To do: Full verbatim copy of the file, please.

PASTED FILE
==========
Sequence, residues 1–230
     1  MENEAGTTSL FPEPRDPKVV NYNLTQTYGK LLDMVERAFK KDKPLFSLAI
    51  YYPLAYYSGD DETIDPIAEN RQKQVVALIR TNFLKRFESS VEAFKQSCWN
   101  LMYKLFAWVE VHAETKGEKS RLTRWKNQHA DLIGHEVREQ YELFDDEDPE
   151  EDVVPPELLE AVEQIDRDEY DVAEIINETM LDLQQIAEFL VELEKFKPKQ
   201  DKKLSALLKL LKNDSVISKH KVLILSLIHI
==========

Sequence, residues 1–230
     1  MENEAGTTSL FPEPRDPKVV NYNLTQTYGK LLDMVERAFK KDKPLFSLAI
    51  YYPLAYYSGD DETIDPIAEN RQKQVVALIR TNFLKRFESS VEAFKQSCWN
   101  LMYKLFAWVE VHAETKGEKS RLTRWKNQHA DLIGHEVREQ YELFDDEDPE
   151  EDVVPPELLE AVEQIDRDEY DVAEIINETM LDLQQIAEFL VELEKFKPKQ
   201  DKKLSALLKL LKNDSVISKH KVLILSLIHI